Unsplash / Toa Heftiba
After a necessary amount of time as a single lady who can cuddle her damn self, thank you very much, I emerged from the other side of a cuffing dry spell. While I have relished the fact that I no longer have to spoon solely with my roommate (a fuzzy, but slightly smelly Havanese pup named Junior) anymore, I grew concerned one morning-after brunch, when a friend mentioned to be that cuddling causes body acne.
I wasn't sure if that was entirely true. This friend is not a doctor (though she is an actress, so perhaps someday she'll play one on TV). But her hypothesis seemed rooted in logic: cuddling produces body heat (bow chicka wow wow), which might lead to body acne in the same way working out does.
I still wanted a pro's opinion, so I reached out to Dr. Nava Greenfield of Brooklyn's Schweiger Dermatology Group in Brooklyn. She schooled me on the correlation between one my favourite things — cosying on up to a boo thang — with one of my least favourite things — bacne, duh.
The answer isn't as cut-and-dry as I hoped it would be. "If your S.O. is colonised with staphylococcus aureus [staph], it has the potential to be transferred via skin to skin contact," Dr. Greenfield told me. This germ is responsible for a plethora of health issues ranging from mundane (pimples) to potentially deadly (pneumonia).
Around 30 percent of the population carries staph, which is the culprit for skin conditions like cellulitis, boils, and abscesses. "Staph has the potential to be transferred via skin to skin contact," Dr. Greenfield said. "It can cause folliculitis, or inflamed hair follicles, on the body." The effects of that can look similar to body acne.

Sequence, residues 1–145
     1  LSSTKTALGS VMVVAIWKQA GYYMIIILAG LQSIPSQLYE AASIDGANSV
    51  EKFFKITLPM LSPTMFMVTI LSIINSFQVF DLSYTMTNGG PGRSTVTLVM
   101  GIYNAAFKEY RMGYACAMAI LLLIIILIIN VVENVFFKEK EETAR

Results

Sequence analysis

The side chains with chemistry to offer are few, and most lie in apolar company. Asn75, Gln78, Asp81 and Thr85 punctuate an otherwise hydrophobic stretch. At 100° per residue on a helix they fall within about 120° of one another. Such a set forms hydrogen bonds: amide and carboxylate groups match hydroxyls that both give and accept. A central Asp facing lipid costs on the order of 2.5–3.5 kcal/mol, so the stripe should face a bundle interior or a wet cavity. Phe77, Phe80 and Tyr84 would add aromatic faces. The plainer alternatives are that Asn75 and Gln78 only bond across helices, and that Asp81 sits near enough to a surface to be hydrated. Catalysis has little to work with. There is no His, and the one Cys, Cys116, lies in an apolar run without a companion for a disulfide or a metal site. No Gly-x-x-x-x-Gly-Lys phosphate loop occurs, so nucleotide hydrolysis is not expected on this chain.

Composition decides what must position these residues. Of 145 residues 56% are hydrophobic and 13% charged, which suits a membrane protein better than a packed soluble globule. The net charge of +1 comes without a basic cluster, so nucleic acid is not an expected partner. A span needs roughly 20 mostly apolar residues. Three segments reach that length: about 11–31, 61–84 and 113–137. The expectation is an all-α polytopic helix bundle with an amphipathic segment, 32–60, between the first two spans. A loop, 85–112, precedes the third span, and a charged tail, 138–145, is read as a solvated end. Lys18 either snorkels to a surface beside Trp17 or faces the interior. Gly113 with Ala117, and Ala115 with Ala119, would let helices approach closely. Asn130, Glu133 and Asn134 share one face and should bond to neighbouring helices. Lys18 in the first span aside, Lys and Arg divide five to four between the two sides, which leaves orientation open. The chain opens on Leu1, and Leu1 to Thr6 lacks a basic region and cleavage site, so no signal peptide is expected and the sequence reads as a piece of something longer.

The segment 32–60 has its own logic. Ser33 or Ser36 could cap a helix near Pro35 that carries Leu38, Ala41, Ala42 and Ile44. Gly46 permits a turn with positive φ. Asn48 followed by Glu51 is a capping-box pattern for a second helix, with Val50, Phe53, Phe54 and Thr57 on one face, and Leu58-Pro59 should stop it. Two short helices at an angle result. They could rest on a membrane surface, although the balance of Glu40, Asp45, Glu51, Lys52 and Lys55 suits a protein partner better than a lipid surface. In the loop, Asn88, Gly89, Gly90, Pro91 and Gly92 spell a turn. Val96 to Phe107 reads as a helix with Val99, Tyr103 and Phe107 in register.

"It's a great idea to keep your skin moist before bed."
OK, cool. So how do you stop it? According to Dr. Greenfield, "100 percent cotton bed sheets are a good idea, but that probably won't stop breakouts." Neither will moisturiser, but that doesn't mean you should skip the hydration. "It's a great idea to keep your skin moist before bed, because moist skin is healthy skin and it will protect against other diseases like eczema," Dr. Greenfield said.
Bad news for any naked cuddlers: Dr. Greenfield suggests wearing pyjamas and avoiding skin to skin contact to keep your skin looking buff and clear. "If you have body breakouts, you probably need a treatment regimen that includes medicated creams or body washes from your dermatologist," Dr. Greenfield told me. "You can get clindamycin lotions and benzoyl peroxide washes that can help."
Dr. Greenfield left me with some words that are just as cosy as 1,000 thread count sheets: "Stress is thought to be a contributing factor to acne breakouts. Since cuddling can help ease emotional stress, it may actually help acne." So go get spooning, you crazy kids!